There is always something we can turn to if our work is alive in us. There is always food being received, support for the effort of Being offered. If we turn away from it, then we turn away--that does not mean it isn't there. Remember, Gurdjieff's system is one of the only ones that says man does not need to "develop" higher centers-- they are already there. It's a matter of establishing contact, of finding the relationship.

That may be a rather high calling for all of us. We can't presume to be perpetually poised on the brink of opening our higher centers and attaining enlightenment (although perhaps we are--anything is possible!)

We can presume that those higher parts of us are always reaching towards us, hoping for contact, offering us the possibility of opening the doors to receive the fullness of life in a deeper and more satisfying way. If we reach back by showing an interest--

well then.

Maybe nothing else in life really matters.

May your trees bear fruit, and your wells yield water.

Tuesday, November 20, 2007


Gurdjieff told Ouspensky that a man who was an Obyvatel-- a "good householder"--one who simply attended with what one might call intelligent responsibility to the basic requirements his life-- was already ahead of the man who had grand spiritual aspirations.

Of course we find Chogyam Trungpa dealing, more or less, with the same idea--admittedly from a slightly less earthy point of view-- in his classic Cutting Through Spiritual Materialism. And Dogen constantly exhorts his followers to turn to, and experience, the ordinary in their search for what is extraordinary.

Perhaps the message here is that there isn't anything extraordinary. Everything is ordinary, although much is unfamiliar. In this sense, there is no supernatural, because everything-even things that appear to violate the natural order--cannot exist outside the natural order.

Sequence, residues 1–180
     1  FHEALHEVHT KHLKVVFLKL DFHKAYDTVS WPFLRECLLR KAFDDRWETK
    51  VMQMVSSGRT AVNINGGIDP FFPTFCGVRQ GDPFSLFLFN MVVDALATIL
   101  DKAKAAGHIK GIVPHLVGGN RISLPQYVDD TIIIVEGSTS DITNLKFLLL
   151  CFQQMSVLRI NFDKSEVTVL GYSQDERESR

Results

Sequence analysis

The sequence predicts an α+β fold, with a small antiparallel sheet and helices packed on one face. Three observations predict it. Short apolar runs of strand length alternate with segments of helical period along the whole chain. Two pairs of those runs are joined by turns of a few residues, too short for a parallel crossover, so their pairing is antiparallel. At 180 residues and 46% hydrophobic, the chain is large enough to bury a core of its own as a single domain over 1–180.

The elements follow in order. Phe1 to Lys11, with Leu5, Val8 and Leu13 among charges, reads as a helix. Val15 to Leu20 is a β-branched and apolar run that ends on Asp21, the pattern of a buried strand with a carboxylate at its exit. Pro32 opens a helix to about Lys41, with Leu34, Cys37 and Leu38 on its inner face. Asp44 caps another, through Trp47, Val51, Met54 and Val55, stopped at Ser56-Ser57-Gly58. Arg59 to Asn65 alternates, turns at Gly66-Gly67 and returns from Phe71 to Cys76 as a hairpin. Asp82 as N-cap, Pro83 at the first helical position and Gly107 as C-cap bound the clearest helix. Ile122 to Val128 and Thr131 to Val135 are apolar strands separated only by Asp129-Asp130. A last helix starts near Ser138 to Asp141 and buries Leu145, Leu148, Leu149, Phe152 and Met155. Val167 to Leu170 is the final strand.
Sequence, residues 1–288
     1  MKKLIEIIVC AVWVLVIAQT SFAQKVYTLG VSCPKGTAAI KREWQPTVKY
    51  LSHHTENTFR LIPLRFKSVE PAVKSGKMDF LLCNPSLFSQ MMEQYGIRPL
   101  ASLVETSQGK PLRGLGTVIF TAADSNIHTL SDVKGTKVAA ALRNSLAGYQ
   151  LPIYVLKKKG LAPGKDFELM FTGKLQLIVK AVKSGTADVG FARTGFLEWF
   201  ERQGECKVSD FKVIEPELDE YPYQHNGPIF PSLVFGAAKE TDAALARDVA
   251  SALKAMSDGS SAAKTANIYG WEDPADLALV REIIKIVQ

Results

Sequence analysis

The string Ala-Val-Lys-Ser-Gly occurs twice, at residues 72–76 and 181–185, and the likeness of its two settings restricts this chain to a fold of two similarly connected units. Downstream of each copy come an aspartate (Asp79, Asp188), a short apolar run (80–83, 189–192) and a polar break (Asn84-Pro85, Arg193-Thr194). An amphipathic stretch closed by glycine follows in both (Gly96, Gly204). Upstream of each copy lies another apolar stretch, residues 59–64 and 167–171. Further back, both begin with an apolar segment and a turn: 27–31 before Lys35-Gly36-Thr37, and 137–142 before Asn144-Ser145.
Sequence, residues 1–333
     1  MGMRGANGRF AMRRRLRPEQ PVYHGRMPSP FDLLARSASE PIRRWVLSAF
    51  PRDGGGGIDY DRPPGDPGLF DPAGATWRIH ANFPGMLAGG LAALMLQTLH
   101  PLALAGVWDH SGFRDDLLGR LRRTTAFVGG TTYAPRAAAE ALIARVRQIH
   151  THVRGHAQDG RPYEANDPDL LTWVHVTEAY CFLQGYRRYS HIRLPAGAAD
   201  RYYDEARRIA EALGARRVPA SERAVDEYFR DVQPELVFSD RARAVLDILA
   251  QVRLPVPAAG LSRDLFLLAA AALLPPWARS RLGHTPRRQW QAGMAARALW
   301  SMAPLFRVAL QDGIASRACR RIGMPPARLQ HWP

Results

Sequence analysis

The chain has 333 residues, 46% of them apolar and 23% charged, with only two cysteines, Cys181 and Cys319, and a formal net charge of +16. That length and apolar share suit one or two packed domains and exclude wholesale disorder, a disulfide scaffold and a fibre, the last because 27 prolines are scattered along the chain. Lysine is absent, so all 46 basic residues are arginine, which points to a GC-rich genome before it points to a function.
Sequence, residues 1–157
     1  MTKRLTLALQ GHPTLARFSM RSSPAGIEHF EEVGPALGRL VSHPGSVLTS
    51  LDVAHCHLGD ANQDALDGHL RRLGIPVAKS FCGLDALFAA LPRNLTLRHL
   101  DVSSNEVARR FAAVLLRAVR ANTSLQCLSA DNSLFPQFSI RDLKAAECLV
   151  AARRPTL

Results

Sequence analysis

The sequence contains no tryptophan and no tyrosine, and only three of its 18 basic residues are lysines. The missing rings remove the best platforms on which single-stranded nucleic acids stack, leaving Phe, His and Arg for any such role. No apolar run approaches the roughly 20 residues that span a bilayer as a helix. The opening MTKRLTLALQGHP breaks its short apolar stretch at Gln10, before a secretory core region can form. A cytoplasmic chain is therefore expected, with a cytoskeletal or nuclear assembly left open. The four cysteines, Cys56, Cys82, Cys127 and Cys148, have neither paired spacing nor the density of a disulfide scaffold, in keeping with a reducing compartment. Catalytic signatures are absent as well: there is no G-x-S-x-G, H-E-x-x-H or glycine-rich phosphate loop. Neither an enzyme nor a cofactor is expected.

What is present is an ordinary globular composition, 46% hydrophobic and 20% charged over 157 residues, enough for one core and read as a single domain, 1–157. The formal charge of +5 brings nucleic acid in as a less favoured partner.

Gurdjieff explained this by saying that things that appear to be "miraculous" are simply the manifestation of what he called higher laws, and the process and progress of science in the 20th century has supported his contention. Without exception, things that once appeared to be very mysterious, even almost magical, from a scientific point of view turn out to be entirely understandable once the meta-principles that govern them are revealed.

I'm not sure we have any reason to presume that our inner processes are different. There are many inner states things we may encounter that are, from our level's point of view, miraculous, which are nonetheless simply the expression of something higher. It may be mysterious to us, but in the context of the universe at large, it all fits in as neatly as any piece of the puzzle. This is why man constructs cosmologies -- the presumption is that there is a puzzle, and that all the pieces fit.

So what, exactly, is a good householder? We can be pretty sure, he is not attracted by or dominated by consideration of the extraordinary. He isn't trying to become an angel. He is trying to become a man--more to the point, a "man without quotation marks", the aim Gurdjieff said every man should set for himself.

One thing that strikes me is as follows: the difference between the good householder and the egoist is that the egoist puts the wish to achieve before the will to work. Because of this, glittering objects attract him and distract his aim. The good householder puts his will to work first; eyes on the task at hand, he is deaf to any allurement.

Having said all that, the original point of entitling this blog posting "housekeeping" was because the post has to be a bit short today, and I wanted to take care of two pieces of unfinished business.

First of all, several of you have written very supportive comments thanking me for the work that I do on this blog, and I want to say thank you in return.

This is an enterprise that we are all in together, this work called life -- and if we offer each other of the best food we can in our exchange, all of us benefit. I benefit as much from the effort to keep this record as anyone who reads it. So my gratitude goes out to each and every one of you who, as readers, participate together in the sharing of ideas and the effort that we all share together.

Every single one of us is connected to each other by the tendrils we extend.

Secondly, the blog is coming up on its first anniversary, which will take place Sunday, November 25. To date, it has logged over 3600 visitors from all over the world -- not bad, for an enterprise as obscure as this one.

I hope to mark the day with something ordinary. LOL.

Let's hope that all of us have many more years to share together in this enterprise we call inner Work.

May your trees bear fruit, and your wells yield water.

Monday, November 19, 2007

What do we perceive with?

Everything is a matter of perception. That is to say, the entire inwardly formed world that arises in a man over the course of a lifetime is a function of what is taken in. (It might be useful to review the concept of the inner solar system in this regard.)